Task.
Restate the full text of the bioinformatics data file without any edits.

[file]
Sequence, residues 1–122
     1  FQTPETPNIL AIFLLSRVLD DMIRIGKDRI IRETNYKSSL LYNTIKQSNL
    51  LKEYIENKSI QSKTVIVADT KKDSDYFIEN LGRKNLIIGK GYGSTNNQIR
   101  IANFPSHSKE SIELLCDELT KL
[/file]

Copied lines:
Sequence, residues 1–122
     1  FQTPETPNIL AIFLLSRVLD DMIRIGKDRI IRETNYKSSL LYNTIKQSNL
    51  LKEYIENKSI QSKTVIVADT KKDSDYFIEN LGRKNLIIGK GYGSTNNQIR
   101  IANFPSHSKE SIELLCDELT KL